Psychological drama Murina masterfully unfolds like a nightmare, as it follows an abusive father and the control he exhibits over his wife and daughter.
With Murina, writer/director Antoneta Alamat Kusijanović has crafted a striking and curious psychological / coming-of age drama hybrid. Her feature directorial debut is a slow burn thriller that peels back layer by layer, moving into darker territory the longer it goes on. Set against the utopic backdrop of the Adriatic Sea, Murina – another word for the moray eel – plays with themes of female empowerment and freedom, hypermasculinity and parental control, and like the psychological abuse on show, it has subtle levels to its treatment of these notions. Sparkling blue oceans and sun-kissed vistas be damned: thisis absolutely not your dream Mediterranean holiday.
Murina follows teenager Julija on holiday with her abusive father, Ante, and often passive mother, Nela. When Ante’s charismatic old friend Javier arrives to discuss a potentially life-changing business deal, Julija’s unhappiness with her life intensifies, stirring up a desire to rebel against her father. The family’s interactions are largely made up of snide remarks – mainly Ante to Julija – and stolen glances between Julija, Nela and Javier. This small main cast of Murina scintillate together and have a twisted and electric chemistry. Leon Lučev (Will Not End Here) as Ante is an imposing, horrible ball of toxic masculinity and aggression, charming his business partners in public whilst verbally and physically abusing Julija and Nela in private. Lučev’s duality and his ability to quickly shift from smile to sneer is terrifying. Danica Curcic (Silent Heart) and Cliff Curtis (Fear the Walking Dead, Doctor Sleep) as Nela and Javier respectively have a searing, sensual chemistry, hinting at an old romance that has never quite been extinguished. And providing the downtrodden but fierce bedrock of the film is Gracija Filipović as Julija, whose electric and varied performance perfectly captures her internalised misery at the constant mistreatment she suffers but also the bravery and strength she draws from it. Where no one else is bold enough to challenge Ante’s authoritarian regime, Julija most surely is.
Murina’s setting is as important as the terrific cast and characters. The beautiful but imposing vistas of the Mediterranean Sea and islands hammer home the loneliness and isolation that Julija experiences; but not the helplessness, for Julijaalways maintains her fight. Hélène Louvart’s (Rocks, The Lost Daughter) cinematography goes further, finding an unnerving dread in the usually crystalline blue oceans. Murina opens with a long shot from these watery, stifled depths, captured in suffocating detail. Brothers Evgueni and Sacha Galperine’s (Loveless) sparingly used original score brings a similarly anxiety-infused tone, the harsh strings and slow beat emphasising Ante’s regime of terror.
Within this Adriatic setting is the symbolic, titular moray eel. The fish’s freedom in the ocean and subsequent capture and death at the hands of the family mirrors Julija’s own fight for survival. Her dreams of going to university are encouraged by Javier, who inspires her to believe there is a world outside of her family unit. Filipović injects Julija with a vitality and longing to experience this life, to swim freely like the moray eel do; this is a fish that will bite its own flesh to free itself from fishermen. Kusijanović’s use of symbolism in Murina is frequently impressive, always subtle enough so as to challenge the audience but always accessible and effective.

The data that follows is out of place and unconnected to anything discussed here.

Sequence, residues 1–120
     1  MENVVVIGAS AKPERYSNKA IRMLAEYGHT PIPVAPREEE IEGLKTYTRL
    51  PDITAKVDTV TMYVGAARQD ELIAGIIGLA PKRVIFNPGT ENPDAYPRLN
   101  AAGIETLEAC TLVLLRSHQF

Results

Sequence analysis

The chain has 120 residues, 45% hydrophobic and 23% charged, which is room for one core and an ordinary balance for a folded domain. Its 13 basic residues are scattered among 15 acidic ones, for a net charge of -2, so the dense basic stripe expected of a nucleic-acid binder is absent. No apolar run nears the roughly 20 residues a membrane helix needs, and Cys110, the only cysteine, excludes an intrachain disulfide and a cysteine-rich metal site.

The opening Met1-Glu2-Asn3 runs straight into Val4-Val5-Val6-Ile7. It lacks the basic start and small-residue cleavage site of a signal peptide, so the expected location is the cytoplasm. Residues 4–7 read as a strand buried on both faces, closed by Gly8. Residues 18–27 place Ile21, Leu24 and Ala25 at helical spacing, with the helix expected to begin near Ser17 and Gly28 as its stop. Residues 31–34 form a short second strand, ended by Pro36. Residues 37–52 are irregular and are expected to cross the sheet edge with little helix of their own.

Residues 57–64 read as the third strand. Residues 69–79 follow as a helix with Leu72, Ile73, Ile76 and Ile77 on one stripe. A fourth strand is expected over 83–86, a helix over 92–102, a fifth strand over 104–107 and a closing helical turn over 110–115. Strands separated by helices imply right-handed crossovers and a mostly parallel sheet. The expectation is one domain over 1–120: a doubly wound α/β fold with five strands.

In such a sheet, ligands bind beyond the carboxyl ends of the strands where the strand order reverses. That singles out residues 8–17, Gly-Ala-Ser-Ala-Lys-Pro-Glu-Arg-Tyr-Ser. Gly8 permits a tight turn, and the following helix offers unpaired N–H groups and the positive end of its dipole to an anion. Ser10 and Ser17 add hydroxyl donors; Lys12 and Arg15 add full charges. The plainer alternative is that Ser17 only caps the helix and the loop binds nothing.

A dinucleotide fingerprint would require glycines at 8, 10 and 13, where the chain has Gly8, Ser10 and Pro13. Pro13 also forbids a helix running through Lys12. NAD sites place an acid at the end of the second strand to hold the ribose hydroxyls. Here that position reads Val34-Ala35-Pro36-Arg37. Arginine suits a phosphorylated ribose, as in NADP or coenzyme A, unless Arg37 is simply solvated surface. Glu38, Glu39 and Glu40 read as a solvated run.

As Murina’s plot develops, the characters become increasingly at loggerheads: Julija’s anger towards Ante increases with every passing remark or angry grab of her arm; Ante and Javier’s friendship starts to become overwrought with their different forms of masculinity; and Julija’s frustration with her mother’s inaction towards Ante grows and grows. These psychological elements play out masterfully before exploding in Murina’s warped and climactic finale. Moments of liberation such as Julija, Nela and Javier dancing on a boat are swiftly extinguished by Ante’s return from a dive, his mere presence enough to bring their joy back to fear. Even moments where Ante seems to treat Julija with respect quickly dissolve into embarrassment and mistreatment; moments such as forcing her to read a poem out to guests or hoisting her onto his shoulders for a dance have a deeply uncomfortable undertone to them.
The fact that Kusijanović distils such a frightful undercurrent to everything on screen in only 96 minutes hints at a hugely promising filmmaking career ahead. There are moments when the energy wavers, and the slow burn atmosphere sometimes detracts from the emotional fallout, but Murina rarely loses its focus as it hurtles carefully towards its conclusion. Julija is, like much of the film itself, a symbol of hope and power. The constant barrage of harsh words seems to build her strength up rather than knock her down, although Kusijanović is careful not to simplify her journey, still recognising her emotional and mental struggles caused by the abuse. Just like David Lynch’s Blue Velvet (1986), which goes deep into the underworld of a seemingly perfect American town, Murina too finds dread within beauty, slowly building and refining it into something quite unnerving.
Murina had its UK Premiere at the 2022 Glasgow Film Festival on 13 March, 2022, and was released in the UK by Modern Films on 8 April.
In the US, the film will open in New York on July 8 (Metrograph) and in Los Angeles on July 15 (Laemmle Theatres), with a national rollout to follow.
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